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MIT proposes building floating nuclear power plants located 5 to 7 miles into the ocean, e...

The most frightening part of a tsunami hitting a nuclear power plant is what comes after – radioactive leaks that contaminate the water around the plant are exceedingly difficult to contain. The clean up of the radioactive water around the Fukushima Daiichi nuclear plant in Japan, which was struck by a tsunami in 2011, is expected to take decades. MIT researchers have come up with an alternative; they propose building floating nuclear plants, far enough offshore to simply ride out a tsunami and emerge unscathed.  Read More

The scientists were able to confirm the 7.68 oz (217.78 g) specimen as a single-crystal pi...

Scientists at Los Alamos National Laboratory (LANL) in the US have confirmed a 7.68 oz (217.78 g) piece of gold is in fact a singular crystal, increasing its value from around US$10,000 to an estimated $1.5 million. The specimen, the largest single crystal piece of gold in the world, was discovered in Venezuela decades ago, but it is only by using advanced probing instruments that experts can now verify its authenticity.  Read More

The new self-healing system features 3D vascular networks that release healing agents when...

We've seen numerous examples of self-healing polymers that allow materials to repair themselves after being damaged. One of the more common approaches involves the use of embedded microcapsules that release a healing agent when damaged. Researchers have expanded on this idea to develop a new technique that brings self-healing capabilities to fiber-reinforced composite materials, like those used in airplanes and automobiles.  Read More

The framework construction made of a ceramic-polymer composite created at KIT (Picture: J....

Researchers in Germany have developed a lightweight, high-strength material inspired by the framework structure of bones and wood and the shell structure of bees' honeycombs. Created using 3D laser polymer printing combined with a ceramic coating, the material is less dense than water but, relative to its size, boasts strength comparable to high-performance steel or aluminum.  Read More

Examples of the microparticles, shown here much larger than actual size

There's now yet another potential weapon in the war against counterfeiting. Scientists at MIT have developed tiny color-striped microparticles that could be used to verify the authenticity of currency, medication, consumer goods, or almost anything else.  Read More

Paint scratches like this could be healed using KIT's new technology   (Photo: Shutterstoc...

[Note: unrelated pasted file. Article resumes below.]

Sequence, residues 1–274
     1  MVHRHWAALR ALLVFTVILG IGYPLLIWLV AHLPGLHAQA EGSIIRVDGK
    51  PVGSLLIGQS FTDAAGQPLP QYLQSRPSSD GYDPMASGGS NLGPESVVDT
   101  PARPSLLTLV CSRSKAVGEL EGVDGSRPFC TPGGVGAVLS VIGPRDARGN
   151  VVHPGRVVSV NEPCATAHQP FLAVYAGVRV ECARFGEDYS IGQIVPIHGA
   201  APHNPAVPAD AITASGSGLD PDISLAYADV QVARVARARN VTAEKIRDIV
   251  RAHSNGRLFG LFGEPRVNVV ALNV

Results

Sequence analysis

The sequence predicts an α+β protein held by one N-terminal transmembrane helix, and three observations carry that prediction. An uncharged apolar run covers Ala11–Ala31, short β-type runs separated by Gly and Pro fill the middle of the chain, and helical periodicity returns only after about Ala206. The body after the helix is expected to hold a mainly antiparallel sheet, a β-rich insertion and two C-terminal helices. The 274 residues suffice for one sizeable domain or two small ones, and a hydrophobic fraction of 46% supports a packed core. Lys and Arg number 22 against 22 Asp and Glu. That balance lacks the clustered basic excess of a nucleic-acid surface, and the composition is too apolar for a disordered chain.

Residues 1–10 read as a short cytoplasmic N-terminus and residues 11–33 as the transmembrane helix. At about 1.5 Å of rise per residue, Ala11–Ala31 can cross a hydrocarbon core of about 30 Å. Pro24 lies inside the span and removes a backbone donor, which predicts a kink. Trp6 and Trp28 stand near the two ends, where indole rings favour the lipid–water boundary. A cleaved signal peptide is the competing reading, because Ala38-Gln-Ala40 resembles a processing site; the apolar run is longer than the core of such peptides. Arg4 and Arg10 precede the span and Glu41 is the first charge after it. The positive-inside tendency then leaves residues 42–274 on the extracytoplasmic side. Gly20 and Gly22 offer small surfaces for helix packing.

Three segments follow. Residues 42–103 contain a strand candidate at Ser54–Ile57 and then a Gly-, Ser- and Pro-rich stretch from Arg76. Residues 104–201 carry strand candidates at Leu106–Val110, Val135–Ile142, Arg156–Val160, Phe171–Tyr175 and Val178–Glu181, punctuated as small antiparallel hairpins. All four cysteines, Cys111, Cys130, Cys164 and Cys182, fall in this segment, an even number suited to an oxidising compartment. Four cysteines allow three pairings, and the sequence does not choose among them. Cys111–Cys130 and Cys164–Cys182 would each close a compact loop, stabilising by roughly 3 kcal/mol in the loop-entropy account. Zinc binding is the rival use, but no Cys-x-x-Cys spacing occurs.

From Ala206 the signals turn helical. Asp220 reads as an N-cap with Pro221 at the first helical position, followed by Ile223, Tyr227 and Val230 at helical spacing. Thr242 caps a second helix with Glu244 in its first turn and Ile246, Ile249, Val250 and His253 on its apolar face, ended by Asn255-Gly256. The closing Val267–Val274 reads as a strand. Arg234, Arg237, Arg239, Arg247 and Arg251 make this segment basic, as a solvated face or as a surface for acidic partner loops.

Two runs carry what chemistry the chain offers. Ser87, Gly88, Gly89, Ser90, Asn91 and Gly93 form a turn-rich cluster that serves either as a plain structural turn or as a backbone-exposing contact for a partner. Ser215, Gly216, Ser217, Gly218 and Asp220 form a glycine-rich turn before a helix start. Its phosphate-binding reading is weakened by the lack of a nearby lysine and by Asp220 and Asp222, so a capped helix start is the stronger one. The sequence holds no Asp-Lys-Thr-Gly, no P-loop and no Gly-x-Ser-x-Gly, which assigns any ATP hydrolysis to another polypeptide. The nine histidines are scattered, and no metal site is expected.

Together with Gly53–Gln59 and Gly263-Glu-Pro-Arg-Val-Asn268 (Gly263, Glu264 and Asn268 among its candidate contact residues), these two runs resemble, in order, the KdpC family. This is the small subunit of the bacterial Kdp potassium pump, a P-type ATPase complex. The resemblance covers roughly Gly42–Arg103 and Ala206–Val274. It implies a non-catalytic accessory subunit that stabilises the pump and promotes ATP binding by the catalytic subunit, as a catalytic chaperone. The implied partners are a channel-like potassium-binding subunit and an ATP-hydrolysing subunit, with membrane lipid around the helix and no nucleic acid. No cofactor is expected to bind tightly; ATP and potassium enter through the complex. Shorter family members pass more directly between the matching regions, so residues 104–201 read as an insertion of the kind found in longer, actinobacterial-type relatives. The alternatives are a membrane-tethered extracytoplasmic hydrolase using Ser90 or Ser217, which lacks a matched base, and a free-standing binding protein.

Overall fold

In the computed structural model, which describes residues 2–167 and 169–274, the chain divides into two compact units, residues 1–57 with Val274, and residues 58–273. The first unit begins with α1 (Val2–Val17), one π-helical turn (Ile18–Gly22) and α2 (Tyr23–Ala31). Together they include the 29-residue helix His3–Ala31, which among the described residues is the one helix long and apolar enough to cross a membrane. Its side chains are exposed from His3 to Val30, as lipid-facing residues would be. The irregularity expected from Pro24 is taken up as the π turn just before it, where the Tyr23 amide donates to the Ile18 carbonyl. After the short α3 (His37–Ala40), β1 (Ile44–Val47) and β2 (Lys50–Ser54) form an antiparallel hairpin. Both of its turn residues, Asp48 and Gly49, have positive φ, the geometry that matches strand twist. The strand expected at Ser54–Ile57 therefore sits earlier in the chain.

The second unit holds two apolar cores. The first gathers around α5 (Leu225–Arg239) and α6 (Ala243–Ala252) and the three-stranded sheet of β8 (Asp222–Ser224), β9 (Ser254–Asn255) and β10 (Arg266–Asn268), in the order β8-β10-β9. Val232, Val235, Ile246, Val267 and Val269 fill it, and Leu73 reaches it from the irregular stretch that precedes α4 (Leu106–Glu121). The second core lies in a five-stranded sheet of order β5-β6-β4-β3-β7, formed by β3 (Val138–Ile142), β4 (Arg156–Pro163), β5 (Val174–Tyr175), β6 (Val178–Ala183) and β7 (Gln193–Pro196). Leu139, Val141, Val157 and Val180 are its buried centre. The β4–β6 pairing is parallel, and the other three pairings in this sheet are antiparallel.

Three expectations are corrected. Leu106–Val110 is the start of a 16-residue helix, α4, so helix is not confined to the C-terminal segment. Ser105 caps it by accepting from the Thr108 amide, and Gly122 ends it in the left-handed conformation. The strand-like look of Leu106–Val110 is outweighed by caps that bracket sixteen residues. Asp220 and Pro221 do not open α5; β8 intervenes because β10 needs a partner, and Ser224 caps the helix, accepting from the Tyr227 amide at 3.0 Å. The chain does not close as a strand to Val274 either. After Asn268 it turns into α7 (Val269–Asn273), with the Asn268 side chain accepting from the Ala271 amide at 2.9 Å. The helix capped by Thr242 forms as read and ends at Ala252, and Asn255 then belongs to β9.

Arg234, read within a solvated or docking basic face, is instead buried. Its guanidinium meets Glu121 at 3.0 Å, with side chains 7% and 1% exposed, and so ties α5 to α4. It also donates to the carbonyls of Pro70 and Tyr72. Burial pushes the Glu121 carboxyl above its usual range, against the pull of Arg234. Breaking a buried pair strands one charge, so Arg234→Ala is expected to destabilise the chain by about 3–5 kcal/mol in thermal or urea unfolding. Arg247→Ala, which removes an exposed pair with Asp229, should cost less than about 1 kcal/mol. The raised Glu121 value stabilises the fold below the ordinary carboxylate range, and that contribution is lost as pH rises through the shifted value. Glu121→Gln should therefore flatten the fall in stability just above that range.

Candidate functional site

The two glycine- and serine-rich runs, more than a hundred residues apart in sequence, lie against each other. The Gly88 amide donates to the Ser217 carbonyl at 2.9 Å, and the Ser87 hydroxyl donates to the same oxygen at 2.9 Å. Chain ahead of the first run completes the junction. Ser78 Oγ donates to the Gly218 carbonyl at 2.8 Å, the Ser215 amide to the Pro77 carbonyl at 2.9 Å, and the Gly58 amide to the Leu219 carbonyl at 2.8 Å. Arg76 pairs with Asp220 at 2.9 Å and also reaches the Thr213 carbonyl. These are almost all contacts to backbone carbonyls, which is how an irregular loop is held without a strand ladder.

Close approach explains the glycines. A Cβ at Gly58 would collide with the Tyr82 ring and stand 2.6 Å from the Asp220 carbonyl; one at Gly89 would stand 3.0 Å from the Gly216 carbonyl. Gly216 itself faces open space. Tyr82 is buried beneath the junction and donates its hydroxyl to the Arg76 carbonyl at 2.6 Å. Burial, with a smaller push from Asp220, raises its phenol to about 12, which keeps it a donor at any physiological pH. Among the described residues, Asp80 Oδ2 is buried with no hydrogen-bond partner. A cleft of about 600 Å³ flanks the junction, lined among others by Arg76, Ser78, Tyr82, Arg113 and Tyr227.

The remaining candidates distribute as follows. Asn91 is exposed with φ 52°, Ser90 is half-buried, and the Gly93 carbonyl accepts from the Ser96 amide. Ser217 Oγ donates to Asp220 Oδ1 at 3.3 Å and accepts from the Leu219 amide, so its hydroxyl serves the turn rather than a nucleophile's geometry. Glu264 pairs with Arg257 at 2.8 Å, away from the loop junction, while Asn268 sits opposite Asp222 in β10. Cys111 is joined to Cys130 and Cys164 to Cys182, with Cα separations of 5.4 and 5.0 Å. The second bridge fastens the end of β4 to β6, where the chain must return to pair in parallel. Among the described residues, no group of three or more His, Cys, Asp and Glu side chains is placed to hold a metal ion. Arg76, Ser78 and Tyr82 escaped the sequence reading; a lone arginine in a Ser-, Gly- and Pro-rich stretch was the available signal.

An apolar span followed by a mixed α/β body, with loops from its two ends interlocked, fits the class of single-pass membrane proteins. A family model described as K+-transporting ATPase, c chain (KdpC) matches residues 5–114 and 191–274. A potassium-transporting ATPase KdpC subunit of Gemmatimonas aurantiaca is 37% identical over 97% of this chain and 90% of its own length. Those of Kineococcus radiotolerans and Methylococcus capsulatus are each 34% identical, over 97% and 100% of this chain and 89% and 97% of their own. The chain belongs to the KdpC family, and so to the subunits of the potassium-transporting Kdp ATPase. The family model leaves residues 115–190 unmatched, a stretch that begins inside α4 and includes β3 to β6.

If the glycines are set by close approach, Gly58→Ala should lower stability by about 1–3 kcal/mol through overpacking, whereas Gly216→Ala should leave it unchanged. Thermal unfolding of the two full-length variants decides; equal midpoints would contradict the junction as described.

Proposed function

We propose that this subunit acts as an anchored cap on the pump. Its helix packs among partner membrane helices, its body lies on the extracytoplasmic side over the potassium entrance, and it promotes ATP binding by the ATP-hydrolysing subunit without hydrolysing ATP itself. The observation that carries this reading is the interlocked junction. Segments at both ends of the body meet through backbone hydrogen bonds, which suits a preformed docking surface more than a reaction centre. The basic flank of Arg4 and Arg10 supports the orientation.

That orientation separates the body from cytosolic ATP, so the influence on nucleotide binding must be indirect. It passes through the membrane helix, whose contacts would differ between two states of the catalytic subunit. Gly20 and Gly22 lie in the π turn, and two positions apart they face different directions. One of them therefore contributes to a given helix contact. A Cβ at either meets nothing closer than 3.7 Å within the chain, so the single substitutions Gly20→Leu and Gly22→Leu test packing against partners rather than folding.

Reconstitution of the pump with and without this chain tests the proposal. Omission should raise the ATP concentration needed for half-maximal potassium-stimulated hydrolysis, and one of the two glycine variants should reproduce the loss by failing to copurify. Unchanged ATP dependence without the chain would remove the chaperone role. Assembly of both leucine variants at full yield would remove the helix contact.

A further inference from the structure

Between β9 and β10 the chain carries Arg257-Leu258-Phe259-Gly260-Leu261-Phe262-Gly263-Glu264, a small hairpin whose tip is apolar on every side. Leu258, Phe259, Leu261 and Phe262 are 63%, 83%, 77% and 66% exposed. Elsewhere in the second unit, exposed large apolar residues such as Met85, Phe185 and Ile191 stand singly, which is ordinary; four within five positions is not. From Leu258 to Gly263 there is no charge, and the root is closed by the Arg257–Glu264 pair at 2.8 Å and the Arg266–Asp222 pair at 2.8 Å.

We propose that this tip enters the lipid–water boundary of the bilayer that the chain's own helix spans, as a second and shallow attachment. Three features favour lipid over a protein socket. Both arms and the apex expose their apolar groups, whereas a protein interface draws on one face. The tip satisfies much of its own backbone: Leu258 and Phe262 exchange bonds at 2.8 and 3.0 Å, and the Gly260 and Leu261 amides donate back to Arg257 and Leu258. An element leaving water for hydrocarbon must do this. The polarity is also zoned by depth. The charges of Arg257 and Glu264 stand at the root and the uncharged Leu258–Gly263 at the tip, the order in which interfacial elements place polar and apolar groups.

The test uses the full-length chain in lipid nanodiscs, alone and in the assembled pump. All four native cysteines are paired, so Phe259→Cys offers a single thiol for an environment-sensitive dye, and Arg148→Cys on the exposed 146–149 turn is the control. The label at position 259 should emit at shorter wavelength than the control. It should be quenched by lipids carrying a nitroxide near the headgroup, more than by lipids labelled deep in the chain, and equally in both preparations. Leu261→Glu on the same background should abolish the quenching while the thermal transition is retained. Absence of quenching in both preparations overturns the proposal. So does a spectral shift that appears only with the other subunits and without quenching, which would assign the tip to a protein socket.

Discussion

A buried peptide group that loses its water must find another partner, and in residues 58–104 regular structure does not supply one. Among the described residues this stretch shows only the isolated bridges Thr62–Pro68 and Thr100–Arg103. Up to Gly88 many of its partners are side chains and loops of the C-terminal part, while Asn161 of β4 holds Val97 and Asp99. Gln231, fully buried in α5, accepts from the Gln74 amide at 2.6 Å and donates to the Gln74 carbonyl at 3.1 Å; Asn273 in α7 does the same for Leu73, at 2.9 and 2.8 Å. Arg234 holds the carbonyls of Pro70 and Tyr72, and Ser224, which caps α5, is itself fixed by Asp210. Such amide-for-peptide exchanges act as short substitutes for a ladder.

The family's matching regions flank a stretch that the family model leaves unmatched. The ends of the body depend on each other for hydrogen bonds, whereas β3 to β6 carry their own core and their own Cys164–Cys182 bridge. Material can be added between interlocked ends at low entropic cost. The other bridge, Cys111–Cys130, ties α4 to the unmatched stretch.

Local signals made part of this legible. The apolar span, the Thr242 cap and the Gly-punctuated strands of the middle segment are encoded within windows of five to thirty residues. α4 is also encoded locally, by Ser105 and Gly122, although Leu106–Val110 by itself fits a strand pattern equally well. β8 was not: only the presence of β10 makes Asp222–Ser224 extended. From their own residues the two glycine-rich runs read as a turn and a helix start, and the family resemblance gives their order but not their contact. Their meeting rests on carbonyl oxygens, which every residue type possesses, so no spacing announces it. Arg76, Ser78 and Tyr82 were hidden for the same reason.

Researchers at Germany's Karlsruhe Institute of Technology (KIT) have developed a self-healing polymer that can mend itself and fully restore its mechanical properties in just a few minutes when heated at low temperatures. The material could be used to create self-repairing sealants, scratch-resistant paints, and more reliable fiber-reinforced plastic components.  Read More

New software from the University of Washington can accurately predict what your kid will l...

If you're a parent wondering what your child will look like as an adult, now you don't need to wonder anymore. Researchers at the University of Washington claim to have developed software that can accurately predict what a child will look like as an adult, up to the age of 80. The technique can even work from poorly lit photos, and could prove a big help in missing persons cases.  Read More

The mini Mustang, ready to take to the air

Although no one is saying that aircraft carriers will soon be able to fuel their jet fighters using water from the ocean, such a scenario has recently come a step closer to reality. Scientists from the US Naval Research Laboratory (NRL) have successfully flown a radio-controlled airplane that was running purely on fuel derived from sea water.  Read More

The NIST-F2 loses one second in 300 million years

If you’re someone who is happy to spend an hour setting the clock on the microwave because it has to be just right, then the news out of the US Department of Commerce's National Institute of Standards and Technology (NIST) is right up your alley. NIST has announced the launch of a new atomic clock as the official standard for civilian time. Called NIST-F2, it is so accurate that it will lose only one second in 300 million years.  Read More

The human body has inspired a new form of digital security (Image: Shutterstock)

Researchers at Lancaster University, UK have taken a hint from the way the human lungs and heart constantly communicate with each other, to devise an innovative, highly flexible encryption algorithm that they claim can't be broken using the traditional methods of cyberattack.  Read More

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